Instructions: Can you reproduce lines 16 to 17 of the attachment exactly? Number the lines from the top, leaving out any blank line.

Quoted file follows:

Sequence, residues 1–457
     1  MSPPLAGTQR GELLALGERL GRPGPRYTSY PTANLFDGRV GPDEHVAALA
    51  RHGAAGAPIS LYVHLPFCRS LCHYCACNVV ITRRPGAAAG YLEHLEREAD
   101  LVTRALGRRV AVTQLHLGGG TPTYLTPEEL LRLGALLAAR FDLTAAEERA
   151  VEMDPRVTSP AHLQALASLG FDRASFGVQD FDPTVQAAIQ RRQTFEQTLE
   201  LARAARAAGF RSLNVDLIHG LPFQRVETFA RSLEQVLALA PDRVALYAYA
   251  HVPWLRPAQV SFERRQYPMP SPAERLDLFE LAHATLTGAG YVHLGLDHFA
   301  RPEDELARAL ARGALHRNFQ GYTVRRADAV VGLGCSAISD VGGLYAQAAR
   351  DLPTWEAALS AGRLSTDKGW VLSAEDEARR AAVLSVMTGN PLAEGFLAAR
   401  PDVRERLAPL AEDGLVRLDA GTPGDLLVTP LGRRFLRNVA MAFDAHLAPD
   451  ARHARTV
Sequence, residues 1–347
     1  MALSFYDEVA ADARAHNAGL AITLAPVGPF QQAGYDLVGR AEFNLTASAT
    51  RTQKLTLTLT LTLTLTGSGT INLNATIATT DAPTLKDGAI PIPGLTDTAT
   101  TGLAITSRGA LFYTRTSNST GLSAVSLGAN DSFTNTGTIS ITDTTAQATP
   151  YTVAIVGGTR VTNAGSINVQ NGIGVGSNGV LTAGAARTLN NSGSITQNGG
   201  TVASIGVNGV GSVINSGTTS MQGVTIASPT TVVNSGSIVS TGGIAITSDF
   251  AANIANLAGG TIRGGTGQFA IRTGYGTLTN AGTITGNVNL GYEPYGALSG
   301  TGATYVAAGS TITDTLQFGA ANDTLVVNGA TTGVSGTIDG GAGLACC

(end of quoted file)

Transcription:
   151  YTVAIVGGTR VTNAGSINVQ NGIGVGSNGV LTAGAARTLN NSGSITQNGG
   201  TVASIGVNGV GSVINSGTTS MQGVTIASPT TVVNSGSIVS TGGIAITSDF